In Memoriam

Jacqueline Mueller

Jacqueline Mueller


College archives include this clipping from the Express-Times, dated 14 March 1993:


Marie J. Mueller, Japanese translator, taught at Lafayette


Easton -- Marie Jacqueline Mueller, 50, of Easton died Saturday at her home.


She was a freelance translator of Japanese to English since 1988. From 1985 to 1988 she was an assistant professor in the Department of Languages at Lafayette College.


Born Sept. 16, 1942, in New York City, she was a daughter of Marie La Bascileu Mueller of New York City and the late G. Edward Mueller.


She graduated from Columbia University with a doctorate in Japanese literature, a masters degree in philosophy, a master of science and a master of arts. She received her bachelor of arts degree from Mount Holyoke College.


In 1984 she was assistant professor in the Department of Languages and Literatures at Brooklyn College of the City University of New York. Also in 1984, she was assistant professor in the Department of East Asian Languages and Cultures at Columbia University where she was a teaching assistant from 1976 to 1978.  From 1972 to 1976 she was a cataloger for special collections at Columbia University Library. From 1968 to 1971, she was a Latin teacher in the Calhoun School in New York City.


She has two published Japanese translations, A Chronicle of Great Peace Played Out on a Chessboard and The Two Shizukas.


She was a member of the American Translators Association and the Association for Asian Studies.


In addition to her mother, she is survived by her husband, Fumikazu Higashihara; and a brother, John, of Seattle, Wash.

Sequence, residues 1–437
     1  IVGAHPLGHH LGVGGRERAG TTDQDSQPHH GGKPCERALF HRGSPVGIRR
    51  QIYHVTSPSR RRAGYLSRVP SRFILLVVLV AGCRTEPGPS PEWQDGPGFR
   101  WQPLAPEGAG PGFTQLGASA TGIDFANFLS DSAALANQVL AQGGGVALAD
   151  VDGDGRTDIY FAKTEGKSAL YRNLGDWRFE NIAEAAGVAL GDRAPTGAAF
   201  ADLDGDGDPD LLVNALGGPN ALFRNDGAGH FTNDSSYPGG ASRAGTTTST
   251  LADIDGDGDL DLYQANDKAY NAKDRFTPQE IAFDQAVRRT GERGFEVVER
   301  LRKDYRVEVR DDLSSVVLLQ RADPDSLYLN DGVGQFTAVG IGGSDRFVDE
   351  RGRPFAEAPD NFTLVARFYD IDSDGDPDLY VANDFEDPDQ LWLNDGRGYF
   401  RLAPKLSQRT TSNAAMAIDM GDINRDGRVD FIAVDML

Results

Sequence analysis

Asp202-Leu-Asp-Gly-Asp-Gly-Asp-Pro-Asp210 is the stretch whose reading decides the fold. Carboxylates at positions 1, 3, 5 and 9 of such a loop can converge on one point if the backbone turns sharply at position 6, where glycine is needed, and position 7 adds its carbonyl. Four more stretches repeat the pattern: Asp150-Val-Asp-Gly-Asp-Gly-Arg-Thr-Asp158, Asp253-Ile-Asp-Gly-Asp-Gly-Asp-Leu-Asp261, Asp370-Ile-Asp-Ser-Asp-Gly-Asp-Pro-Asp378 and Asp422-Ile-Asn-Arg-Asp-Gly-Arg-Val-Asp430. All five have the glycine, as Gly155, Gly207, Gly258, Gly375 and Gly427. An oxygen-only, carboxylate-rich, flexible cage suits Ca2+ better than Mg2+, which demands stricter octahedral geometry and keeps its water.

go to bottom 
  Post Comment

03/18/13 05:48 PM #1    

Jane Bruce

I barely knew Jacquie in college; our friendship blossomed when I worked in NYC after graduate school.  We shared a passion for opera and spent many happy (and COLD) hours together in the standing room line at the old Met, attending hundreds of performances in the space of a couple of years for $1.50 a pop--Nilsson, Corelli, Milnes, Price, Caballe, Sutherland, Horne, Rysanek, King, Vickers, Gobbi, Scotto, Freni, Bergonzi, Crespin.  Supper was often a cup of coffee and a doughnut from Chock Full o' Nuts.  Our most memorable line was an overnighter for Callas's last two performances of Tosca, with an early morning dash to the Port Authority bus terminal to wash up before the tickets finally went on sale.  We actually splurged on seats for the last gala performance at the old Met!  Then I took off for Sierra Leone with the Peace Corps. 

While I was in West Africa, Jacquie made all the arrangements for a reunion in Bayreuth--opera tickets, Eurail passes, B&B's, etc.--on my way back to the States.  We saw a complete Ring as well as a Meistersinger and Tristan, and had a wonderful time touring the area.  Our paths diverged after that glorious trip; she never left NYC, while I went back to Arkansas briefly and then on to D.C.  By the time I returned to New York for seminary, Jacquie and her parents were no longer in the phone book. 

Jacquie was a fascinating, complex, and generous friend with a huge heart and a huge voice.  She was taking singing lessons and learning Wagner arias.  She said she was too nervous to sing for an audience, so the lessons were purely for her own pleasure.  I wish I could have heard her sing 'Dich teure halle'!  Her friendship enriched my life immeasurably, and I will always be grateful for it.  I miss her...


03/23/13 01:44 PM #2    

Alice Godfrey (Andrus)

Hi Jane Bruce:  Thanks for your words on Jacquie.  I always thought she had the most unusual interests and sophisticated mind when we were at Holyoke.  I recall her fixation on the Middle Ages..also one of my interests.  She was so much more informed than I and could tell great stories about what she knew of legends, myths and social history of the time.  She also was fond of Rilke's poetry.  When I read it, I always remember Jacquie.  Isn't it wonderful, despite her being gone for such a long time that she lives on in us?  Thanks for sharing more about her life after Holyoke.  I'm not surprised by her Wagnerian certainly fits.   


Sorry I won't see you in South Hadley, but we are going to spread out in the next five years and hope that you'll join us for a mini-reunion.  Best regards,  Alice Andrus

go to top 
  Post Comment